Continuing a look at sheep and a shepherd’s relationship to them. Today, I’m taking a walk down memory lane as I look back at my personal sheep history. Here’s the first post.
One of the benefits of studying at land-grant universities was the presence of school farms and animal science research centers. While at Purdue, I was a member of Block and Bridle, an organization for animal science students and livestock aficionados, and served as the sheep chair one year. This meant that I helped organize the Royal Showmanship Contest, in which students demonstrated their skills in exhibiting livestock. Several species were shown in the contest. I coordinated rides for the sheep show competitors from campus to the sheep unit of the Animal Science Research and Education Center and helped the beginners train their animals. I also brought in speakers for meetings and developed relationships with shepherds from around the state.
While I pursued a graduate degree at Penn State, I helped host a farm day for some local elementary students as part of the Agronomy Club. We took the children on tractor rides, let them dig in the soil and brought animals, including a lamb and its mother, from the university farms for them to pet.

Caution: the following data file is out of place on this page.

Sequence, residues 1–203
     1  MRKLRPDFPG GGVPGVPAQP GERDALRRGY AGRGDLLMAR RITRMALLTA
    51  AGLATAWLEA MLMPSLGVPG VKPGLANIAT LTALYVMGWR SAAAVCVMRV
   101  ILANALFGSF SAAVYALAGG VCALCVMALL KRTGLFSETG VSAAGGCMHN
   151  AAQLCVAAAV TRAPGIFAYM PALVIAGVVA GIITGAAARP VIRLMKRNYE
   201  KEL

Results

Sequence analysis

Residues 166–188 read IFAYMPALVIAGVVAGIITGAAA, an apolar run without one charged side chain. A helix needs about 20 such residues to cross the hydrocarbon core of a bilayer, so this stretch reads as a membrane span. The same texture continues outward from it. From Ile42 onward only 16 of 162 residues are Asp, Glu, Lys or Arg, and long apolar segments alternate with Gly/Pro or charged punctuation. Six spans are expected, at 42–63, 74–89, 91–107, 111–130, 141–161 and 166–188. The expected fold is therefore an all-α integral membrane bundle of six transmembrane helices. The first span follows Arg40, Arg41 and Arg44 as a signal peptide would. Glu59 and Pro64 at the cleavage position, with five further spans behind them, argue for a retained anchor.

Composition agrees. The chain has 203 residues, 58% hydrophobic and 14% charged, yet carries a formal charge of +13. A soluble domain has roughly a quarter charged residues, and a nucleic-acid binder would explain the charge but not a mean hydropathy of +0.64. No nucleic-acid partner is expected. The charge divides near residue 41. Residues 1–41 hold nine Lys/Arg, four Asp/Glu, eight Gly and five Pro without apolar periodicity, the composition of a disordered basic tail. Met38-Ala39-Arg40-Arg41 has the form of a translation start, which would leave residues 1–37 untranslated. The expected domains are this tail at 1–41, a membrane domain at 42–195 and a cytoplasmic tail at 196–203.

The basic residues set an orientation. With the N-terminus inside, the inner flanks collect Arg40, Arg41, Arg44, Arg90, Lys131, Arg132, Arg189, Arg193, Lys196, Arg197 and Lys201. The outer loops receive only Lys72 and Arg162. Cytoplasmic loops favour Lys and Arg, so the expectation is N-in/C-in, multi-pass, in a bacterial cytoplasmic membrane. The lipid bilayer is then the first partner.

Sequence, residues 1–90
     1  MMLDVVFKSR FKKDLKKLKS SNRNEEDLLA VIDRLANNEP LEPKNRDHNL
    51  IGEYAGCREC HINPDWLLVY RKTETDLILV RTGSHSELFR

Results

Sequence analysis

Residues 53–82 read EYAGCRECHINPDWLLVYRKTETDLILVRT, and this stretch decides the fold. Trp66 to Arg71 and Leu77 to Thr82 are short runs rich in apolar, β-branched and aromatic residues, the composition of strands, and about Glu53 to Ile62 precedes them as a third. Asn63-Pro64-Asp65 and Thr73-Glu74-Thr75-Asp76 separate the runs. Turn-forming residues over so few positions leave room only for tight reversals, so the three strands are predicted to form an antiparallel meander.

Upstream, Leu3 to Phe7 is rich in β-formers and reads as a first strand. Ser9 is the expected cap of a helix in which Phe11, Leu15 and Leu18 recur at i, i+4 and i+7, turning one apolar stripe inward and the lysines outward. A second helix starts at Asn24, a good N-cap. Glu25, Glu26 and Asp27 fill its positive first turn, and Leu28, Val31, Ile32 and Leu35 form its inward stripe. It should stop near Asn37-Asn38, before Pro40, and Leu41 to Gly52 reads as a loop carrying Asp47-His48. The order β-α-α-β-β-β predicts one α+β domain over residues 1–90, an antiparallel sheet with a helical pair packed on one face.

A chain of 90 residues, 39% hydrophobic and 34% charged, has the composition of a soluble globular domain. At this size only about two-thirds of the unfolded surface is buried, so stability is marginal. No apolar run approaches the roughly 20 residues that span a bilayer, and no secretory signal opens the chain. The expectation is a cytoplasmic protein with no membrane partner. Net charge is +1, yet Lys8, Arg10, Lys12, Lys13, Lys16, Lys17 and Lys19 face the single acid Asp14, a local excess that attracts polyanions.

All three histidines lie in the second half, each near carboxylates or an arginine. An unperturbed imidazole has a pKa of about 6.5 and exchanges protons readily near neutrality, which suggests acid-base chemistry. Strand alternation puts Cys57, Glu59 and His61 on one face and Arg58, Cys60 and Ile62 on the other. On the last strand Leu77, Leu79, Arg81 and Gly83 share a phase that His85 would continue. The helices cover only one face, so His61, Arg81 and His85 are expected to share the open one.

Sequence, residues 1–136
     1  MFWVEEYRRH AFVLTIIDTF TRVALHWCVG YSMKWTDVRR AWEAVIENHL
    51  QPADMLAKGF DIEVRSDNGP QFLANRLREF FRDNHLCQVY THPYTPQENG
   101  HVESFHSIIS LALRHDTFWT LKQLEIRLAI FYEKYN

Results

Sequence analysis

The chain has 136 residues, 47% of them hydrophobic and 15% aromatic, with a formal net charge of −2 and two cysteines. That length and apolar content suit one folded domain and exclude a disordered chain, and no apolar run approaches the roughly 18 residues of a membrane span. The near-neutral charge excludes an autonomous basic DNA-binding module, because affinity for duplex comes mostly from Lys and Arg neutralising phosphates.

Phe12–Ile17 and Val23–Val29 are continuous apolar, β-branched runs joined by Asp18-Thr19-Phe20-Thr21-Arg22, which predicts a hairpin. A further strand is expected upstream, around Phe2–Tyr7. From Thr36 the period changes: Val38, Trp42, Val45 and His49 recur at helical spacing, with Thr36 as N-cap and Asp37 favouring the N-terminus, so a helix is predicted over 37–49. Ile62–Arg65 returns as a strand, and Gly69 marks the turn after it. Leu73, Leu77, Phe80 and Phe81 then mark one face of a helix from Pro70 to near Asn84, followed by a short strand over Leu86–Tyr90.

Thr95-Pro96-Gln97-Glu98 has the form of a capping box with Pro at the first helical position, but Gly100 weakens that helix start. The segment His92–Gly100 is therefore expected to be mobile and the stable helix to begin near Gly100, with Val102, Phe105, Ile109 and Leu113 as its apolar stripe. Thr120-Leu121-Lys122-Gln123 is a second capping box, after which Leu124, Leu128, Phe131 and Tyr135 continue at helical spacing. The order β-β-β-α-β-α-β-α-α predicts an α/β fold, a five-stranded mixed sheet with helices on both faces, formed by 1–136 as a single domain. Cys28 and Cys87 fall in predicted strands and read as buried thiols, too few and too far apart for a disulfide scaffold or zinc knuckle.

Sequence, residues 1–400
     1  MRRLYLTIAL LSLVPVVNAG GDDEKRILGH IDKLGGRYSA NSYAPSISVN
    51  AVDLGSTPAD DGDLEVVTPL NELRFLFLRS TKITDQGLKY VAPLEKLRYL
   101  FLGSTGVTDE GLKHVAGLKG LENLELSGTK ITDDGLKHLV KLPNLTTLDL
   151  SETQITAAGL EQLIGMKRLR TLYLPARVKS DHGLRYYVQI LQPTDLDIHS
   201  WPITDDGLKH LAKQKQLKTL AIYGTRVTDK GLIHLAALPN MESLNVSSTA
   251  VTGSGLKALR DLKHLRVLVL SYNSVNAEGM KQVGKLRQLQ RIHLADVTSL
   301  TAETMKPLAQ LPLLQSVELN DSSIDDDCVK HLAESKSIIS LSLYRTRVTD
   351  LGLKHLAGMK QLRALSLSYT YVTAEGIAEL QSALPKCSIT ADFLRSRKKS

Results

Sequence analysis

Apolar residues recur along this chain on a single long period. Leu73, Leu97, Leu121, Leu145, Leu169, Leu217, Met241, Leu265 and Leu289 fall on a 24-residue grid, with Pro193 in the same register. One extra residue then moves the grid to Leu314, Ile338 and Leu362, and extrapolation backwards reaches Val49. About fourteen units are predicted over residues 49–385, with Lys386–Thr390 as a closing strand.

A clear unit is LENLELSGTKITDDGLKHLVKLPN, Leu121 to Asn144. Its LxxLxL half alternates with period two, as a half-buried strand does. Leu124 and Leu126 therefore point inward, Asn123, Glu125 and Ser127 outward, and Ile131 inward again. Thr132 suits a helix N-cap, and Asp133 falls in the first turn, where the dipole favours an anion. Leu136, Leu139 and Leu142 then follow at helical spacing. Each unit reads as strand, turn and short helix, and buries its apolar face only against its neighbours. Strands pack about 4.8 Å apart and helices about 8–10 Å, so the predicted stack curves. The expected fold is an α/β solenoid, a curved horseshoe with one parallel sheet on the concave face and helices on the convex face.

The preacher at the church I attended in State College was an emeritus professor of animal science who kept three sheep so his wife could look outside the kitchen window in the morning and see them grazing in the pasture. She always smiled when she talked about seeing sheep while she worked. Their daughter had exhibited sheep as a 4-H member, and the walls of their home were covered with pictures of prize-winning Dorsets and horses from the days when the professor traveled around the country with Penn State stock to shows like the International Live Stock Exposition in Chicago at the Union Stockyards. Beautiful paintings of draft horses and farm scenes accompanied them.
But the story of my work with sheep starts long before my college experiences. As soon as I could walk, I toddled through the sawdust of the arena at county fairs and the State Fair, holding the end of the sheep halter as my parents led the show animals for the judge. I exhibited a sheep on my own by the time I was five. Sheep are often shown without a halter, but with younger children, halters are used as they offer more control. I had moved from showing with a halter to showing without one by the time I was nine or ten.
When I entered 4-H, I began showing beef cattle, as well. I had grown up with the creatures, as my dad is a cattleman, but hadn’t begun exhibiting them as soon as I had started showing sheep. It was a good combination. Beef cattle and sheep complement each other well as the systems in which they are cared for are similar and they can graze together or one after the other.
Despite the fact I enjoyed showing both, I still found myself leaning toward a favorite. I thought about it a lot, as Dad would often ask me which species I liked better. For a long while, I was neutral. But during high school, that changed.